Location

Franz Hall 231

Start Date

22-6-2013 10:45 AM

End Date

22-6-2013 12:00 PM

Keywords

Ku Klux Klan, Oregon School Bill, Pierce v Society of Sisters

Description

On June 15, 1922, the Masons of Oregon launched a one-day petition drive that resulted in the placing on the November ballot of the Oregon Compulsory Education Bill. This bill required all schoolchildren between the ages of eight and sixteen to attend public school, thus forcing the closure of all private schools in the state, in particular those sponsored by the Catholic Church. After a hard fought campaign the bill passed, moving the campaign from the polls to the courts. On June, 1, 1925, in Pierce v. Society of Sisters, the U.S. Supreme Court ruled the bill to be unconstitutional. It is this three year journey that will be the subject of this paper. In the first part we shall follow the political campaign that led to the bill’s passage. We shall examine both supporters and opponents of the bill, as well as their arguments. In the second part we shall follow the bill on its journey from Federal District Court to the Supreme Court. We shall study the arguments put forth by both Hill Military Academy and the Society of Sisters, as well as the State of Oregon’s counterclaims. We shall also briefly look at some of the difficulties faced by the Catholic legal team. Finally, we shall examine the rulings of both Courts on the Bill. We shall close with a brief summing up the importance of the bill and the Court rulings for the future of private education, especially in our post 9-11 world.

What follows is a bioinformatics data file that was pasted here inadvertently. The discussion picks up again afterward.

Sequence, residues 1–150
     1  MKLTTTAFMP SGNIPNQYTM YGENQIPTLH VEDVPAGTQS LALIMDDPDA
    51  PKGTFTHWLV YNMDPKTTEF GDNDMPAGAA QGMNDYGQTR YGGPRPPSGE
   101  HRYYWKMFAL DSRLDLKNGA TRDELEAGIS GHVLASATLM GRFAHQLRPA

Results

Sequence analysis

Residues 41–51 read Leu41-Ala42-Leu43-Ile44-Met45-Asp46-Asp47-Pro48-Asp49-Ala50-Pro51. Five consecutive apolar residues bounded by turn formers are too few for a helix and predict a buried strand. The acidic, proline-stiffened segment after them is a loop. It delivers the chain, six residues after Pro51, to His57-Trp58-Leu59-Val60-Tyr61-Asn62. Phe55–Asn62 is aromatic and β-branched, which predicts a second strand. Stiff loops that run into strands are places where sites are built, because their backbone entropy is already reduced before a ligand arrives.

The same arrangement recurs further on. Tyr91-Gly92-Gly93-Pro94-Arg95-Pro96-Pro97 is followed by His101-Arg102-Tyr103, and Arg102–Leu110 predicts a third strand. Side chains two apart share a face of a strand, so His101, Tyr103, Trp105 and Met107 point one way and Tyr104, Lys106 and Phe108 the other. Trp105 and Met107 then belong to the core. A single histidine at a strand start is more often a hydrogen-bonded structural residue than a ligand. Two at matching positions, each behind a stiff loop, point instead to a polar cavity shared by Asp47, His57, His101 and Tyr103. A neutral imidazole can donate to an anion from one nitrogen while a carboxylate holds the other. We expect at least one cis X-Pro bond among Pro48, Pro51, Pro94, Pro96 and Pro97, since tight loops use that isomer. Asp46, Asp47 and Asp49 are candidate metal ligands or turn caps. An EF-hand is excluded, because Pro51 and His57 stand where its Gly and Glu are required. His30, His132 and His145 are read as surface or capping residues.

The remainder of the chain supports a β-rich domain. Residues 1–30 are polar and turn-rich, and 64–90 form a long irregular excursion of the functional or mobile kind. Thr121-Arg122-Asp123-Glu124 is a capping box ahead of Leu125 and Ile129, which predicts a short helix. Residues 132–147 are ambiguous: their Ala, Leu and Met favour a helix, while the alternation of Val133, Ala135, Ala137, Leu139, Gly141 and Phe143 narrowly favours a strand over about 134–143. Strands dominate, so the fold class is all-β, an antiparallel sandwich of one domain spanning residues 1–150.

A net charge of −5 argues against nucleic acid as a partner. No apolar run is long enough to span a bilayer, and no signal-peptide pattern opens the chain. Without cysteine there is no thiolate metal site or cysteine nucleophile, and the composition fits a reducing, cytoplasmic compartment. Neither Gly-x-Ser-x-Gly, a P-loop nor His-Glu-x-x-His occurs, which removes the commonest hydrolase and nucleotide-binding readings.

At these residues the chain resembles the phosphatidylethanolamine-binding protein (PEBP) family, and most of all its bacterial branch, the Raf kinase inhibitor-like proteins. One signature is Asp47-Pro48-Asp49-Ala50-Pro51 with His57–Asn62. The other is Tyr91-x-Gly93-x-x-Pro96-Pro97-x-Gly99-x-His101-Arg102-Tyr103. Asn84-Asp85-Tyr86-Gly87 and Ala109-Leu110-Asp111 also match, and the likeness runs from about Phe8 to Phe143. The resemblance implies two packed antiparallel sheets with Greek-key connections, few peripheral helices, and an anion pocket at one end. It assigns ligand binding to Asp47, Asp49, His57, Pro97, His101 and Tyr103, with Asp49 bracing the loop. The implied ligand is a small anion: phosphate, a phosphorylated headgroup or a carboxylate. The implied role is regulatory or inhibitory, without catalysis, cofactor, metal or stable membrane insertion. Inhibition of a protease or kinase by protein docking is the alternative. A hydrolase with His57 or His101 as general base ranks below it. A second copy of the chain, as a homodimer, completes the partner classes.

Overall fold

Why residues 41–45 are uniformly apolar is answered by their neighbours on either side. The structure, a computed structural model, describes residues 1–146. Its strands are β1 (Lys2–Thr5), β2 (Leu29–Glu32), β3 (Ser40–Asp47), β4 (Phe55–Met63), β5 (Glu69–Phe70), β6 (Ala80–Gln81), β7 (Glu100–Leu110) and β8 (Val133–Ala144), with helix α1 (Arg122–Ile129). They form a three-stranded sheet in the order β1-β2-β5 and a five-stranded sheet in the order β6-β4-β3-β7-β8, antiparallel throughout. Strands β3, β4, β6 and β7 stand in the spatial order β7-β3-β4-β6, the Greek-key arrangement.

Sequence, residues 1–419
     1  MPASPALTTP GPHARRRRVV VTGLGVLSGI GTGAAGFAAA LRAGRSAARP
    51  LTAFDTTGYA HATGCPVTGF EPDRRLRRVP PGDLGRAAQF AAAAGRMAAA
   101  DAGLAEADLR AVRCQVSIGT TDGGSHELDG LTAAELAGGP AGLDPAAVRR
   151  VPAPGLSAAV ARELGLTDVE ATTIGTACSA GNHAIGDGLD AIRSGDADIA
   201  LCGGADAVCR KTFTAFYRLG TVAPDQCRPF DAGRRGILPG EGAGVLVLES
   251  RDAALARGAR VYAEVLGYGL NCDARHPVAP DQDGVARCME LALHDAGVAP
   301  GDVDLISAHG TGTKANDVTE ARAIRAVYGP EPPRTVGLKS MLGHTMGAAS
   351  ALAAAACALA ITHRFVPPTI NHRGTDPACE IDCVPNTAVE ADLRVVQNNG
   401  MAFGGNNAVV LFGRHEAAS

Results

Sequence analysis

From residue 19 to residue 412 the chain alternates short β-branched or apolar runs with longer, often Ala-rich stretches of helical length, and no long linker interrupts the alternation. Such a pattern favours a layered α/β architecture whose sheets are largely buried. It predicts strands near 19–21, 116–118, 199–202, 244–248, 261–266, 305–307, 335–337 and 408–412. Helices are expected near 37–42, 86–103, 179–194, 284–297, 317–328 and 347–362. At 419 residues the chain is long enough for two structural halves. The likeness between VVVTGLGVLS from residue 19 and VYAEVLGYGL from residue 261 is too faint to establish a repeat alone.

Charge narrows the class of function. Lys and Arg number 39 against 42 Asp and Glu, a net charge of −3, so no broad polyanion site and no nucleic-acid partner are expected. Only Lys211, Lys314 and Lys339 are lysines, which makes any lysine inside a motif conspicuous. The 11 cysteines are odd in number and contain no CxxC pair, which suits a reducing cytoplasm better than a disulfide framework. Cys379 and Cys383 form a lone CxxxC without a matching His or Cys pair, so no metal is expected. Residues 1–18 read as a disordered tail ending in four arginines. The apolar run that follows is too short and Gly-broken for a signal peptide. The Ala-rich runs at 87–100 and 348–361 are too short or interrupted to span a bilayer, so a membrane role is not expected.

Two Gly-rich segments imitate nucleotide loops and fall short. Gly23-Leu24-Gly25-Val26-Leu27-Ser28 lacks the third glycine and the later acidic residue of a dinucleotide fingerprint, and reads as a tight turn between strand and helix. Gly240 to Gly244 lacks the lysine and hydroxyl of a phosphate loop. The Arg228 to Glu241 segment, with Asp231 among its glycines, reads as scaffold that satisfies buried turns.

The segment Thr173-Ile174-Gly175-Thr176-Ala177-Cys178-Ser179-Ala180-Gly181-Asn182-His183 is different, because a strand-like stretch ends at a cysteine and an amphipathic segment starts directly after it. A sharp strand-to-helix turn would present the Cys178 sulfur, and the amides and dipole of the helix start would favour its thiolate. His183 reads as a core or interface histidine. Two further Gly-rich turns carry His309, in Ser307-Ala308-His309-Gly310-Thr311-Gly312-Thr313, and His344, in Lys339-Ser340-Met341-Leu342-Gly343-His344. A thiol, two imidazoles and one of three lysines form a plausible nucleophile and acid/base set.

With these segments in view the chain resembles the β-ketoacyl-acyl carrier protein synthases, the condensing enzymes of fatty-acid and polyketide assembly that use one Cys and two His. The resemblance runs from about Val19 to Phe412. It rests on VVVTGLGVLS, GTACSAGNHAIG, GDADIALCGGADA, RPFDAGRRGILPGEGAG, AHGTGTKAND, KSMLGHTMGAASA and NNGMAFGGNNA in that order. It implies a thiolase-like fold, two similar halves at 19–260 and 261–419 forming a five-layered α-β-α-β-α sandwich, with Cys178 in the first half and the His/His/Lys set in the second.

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Jun 22nd, 10:45 AM Jun 22nd, 12:00 PM

From the Ballot Box to the Supreme Court: Oregon School Bill of 1922

Franz Hall 231

On June 15, 1922, the Masons of Oregon launched a one-day petition drive that resulted in the placing on the November ballot of the Oregon Compulsory Education Bill. This bill required all schoolchildren between the ages of eight and sixteen to attend public school, thus forcing the closure of all private schools in the state, in particular those sponsored by the Catholic Church. After a hard fought campaign the bill passed, moving the campaign from the polls to the courts. On June, 1, 1925, in Pierce v. Society of Sisters, the U.S. Supreme Court ruled the bill to be unconstitutional. It is this three year journey that will be the subject of this paper. In the first part we shall follow the political campaign that led to the bill’s passage. We shall examine both supporters and opponents of the bill, as well as their arguments. In the second part we shall follow the bill on its journey from Federal District Court to the Supreme Court. We shall study the arguments put forth by both Hill Military Academy and the Society of Sisters, as well as the State of Oregon’s counterclaims. We shall also briefly look at some of the difficulties faced by the Catholic legal team. Finally, we shall examine the rulings of both Courts on the Bill. We shall close with a brief summing up the importance of the bill and the Court rulings for the future of private education, especially in our post 9-11 world.